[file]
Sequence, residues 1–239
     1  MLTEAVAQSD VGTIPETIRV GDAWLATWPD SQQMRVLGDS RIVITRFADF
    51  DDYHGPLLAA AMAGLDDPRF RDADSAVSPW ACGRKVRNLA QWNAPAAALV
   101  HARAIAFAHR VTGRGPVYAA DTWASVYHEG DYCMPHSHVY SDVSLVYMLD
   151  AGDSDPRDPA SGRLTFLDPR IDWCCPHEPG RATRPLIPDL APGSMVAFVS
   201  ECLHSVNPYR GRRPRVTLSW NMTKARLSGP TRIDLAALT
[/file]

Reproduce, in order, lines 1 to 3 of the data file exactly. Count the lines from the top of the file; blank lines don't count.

Sequence, residues 1–239
     1  MLTEAVAQSD VGTIPETIRV GDAWLATWPD SQQMRVLGDS RIVITRFADF
    51  DDYHGPLLAA AMAGLDDPRF RDADSAVSPW ACGRKVRNLA QWNAPAAALV